[00:00:00] Sheldon Primus: Welcome to the Safety Consultant Podcast. I’m your host, Sheldon Primus. This is the podcast where I teach you the business of being a safety consultant, we talk about OSHA, talk about a bunch of stuff, don't we? Alright, so this week I’ve got some stuff for you. Actually, just kind of thinking about a class that I’m gonna be doing with Stan Smiley. Stan is actually the one who's gonna be conducting the class, and uh I am gonna be helping him facilitate the class. Just Zoom and all the other stuff, connecting technology that needs to be connected together. So I'm helping to put this thing on.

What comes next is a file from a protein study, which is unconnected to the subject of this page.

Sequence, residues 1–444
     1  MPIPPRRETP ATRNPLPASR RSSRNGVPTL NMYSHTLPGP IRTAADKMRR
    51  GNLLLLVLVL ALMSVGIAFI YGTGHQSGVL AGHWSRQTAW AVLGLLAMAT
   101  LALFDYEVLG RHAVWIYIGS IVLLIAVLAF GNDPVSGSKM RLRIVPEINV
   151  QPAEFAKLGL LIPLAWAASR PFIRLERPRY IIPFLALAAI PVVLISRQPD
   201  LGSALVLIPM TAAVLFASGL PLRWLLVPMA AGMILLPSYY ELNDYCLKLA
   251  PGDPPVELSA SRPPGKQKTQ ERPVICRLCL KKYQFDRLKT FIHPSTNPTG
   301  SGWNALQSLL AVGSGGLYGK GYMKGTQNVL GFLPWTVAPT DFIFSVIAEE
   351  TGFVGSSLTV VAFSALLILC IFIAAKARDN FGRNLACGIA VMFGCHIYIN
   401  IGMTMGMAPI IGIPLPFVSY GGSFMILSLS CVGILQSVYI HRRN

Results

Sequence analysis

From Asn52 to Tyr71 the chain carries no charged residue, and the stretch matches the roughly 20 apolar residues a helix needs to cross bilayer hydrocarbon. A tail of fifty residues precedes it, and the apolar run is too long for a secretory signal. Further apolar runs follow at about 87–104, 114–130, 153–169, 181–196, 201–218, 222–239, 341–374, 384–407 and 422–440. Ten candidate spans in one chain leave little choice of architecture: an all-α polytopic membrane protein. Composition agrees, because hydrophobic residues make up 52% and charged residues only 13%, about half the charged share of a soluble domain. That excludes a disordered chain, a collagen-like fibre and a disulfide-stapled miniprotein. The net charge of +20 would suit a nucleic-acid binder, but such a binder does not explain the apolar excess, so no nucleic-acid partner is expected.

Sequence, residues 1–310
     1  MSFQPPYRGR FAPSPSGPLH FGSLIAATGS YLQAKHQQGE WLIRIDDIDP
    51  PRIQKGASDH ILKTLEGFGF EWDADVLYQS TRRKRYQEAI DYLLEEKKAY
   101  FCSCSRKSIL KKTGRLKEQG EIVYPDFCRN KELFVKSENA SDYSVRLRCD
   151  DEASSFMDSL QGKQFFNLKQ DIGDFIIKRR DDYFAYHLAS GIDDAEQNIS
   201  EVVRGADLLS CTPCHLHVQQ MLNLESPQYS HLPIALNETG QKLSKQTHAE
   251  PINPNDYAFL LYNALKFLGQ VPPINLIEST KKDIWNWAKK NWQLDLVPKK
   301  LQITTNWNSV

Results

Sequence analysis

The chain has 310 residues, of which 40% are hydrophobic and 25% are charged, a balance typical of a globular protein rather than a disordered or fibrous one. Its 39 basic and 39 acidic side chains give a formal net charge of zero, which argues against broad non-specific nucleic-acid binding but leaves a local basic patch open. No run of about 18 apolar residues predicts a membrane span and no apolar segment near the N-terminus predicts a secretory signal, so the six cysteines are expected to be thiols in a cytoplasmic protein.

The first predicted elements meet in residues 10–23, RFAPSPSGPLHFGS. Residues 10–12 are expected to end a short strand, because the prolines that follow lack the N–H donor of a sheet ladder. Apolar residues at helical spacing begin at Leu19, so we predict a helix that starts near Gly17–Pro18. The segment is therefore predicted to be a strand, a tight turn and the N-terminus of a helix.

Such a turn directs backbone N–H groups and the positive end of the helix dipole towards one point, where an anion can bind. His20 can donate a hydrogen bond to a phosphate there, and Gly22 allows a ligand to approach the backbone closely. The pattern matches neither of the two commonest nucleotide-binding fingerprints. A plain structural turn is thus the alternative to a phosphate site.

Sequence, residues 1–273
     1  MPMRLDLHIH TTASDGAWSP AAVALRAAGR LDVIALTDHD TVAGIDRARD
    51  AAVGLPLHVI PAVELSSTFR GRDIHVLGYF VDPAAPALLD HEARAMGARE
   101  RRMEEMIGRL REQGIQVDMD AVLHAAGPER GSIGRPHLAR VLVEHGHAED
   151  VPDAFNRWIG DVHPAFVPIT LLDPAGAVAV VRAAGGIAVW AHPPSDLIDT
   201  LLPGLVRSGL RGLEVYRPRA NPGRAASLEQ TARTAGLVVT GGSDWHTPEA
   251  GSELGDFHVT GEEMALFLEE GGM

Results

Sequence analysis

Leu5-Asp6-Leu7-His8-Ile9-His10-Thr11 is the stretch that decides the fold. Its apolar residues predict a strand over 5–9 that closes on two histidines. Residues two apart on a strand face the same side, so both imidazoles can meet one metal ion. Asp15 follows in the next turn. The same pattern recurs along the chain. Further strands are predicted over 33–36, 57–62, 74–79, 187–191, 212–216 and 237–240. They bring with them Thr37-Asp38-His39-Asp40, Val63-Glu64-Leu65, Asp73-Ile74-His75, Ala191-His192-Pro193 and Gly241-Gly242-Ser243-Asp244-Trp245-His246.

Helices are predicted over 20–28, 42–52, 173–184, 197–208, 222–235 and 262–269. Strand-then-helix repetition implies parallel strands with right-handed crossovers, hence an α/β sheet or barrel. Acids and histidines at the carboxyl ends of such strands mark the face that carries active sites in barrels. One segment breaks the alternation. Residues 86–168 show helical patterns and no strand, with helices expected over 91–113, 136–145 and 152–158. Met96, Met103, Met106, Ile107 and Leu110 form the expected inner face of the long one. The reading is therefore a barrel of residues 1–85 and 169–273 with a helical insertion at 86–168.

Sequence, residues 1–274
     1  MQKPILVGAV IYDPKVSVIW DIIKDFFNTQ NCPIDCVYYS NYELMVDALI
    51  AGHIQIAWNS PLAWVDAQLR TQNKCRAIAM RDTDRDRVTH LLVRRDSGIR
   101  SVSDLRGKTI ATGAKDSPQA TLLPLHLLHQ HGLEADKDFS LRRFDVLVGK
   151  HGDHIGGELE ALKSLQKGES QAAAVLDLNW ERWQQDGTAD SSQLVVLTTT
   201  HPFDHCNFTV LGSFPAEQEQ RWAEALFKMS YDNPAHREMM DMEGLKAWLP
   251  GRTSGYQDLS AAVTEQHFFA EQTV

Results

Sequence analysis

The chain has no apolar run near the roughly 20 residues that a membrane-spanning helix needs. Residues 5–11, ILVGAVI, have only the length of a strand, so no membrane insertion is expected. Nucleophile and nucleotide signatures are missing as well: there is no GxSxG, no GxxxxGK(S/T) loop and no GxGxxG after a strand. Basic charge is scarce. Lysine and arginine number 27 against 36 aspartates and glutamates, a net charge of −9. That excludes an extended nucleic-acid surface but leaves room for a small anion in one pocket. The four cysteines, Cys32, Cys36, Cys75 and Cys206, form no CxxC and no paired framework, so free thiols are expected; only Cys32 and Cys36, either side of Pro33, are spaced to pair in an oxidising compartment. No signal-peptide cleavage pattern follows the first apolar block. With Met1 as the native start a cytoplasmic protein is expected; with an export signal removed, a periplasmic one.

So in preparation for that, we talked again about his specialty, which is hydrogen sulfide, uh so if you have not been aware of the Stan Smiley interview before, he is a master hydrogen sulfide inspector. Uh excuse me, instructor. I guess he could be an inspector too. This man can actually do anything related to sulfides. I’ve forgotten so much more about sulfides than many of us even knew existed. Uh So we talk about um just the industry as it is, some of industries that he's worked on was emergency management, and oil fields, and stuff like that in the oil and gas industry, but he's been a consultant for people in my industries. And my industry is wastewater treatment, been doing that for quite a bit. Uh, so, uh, that was, yeah. Pre consulting life, I haven't done any wastewater operation in quite a while. Uh, I miss it though, I do. It's one of those things where, um, you start getting into consulting and then all of a sudden you're like, I was uh whatever technician in this or technician in that, and after a while, you know, you get away from it so much that, you know, you're like, hm, I miss those days. But you still consider yourself, you know, like for me, my case, a wastewater operator.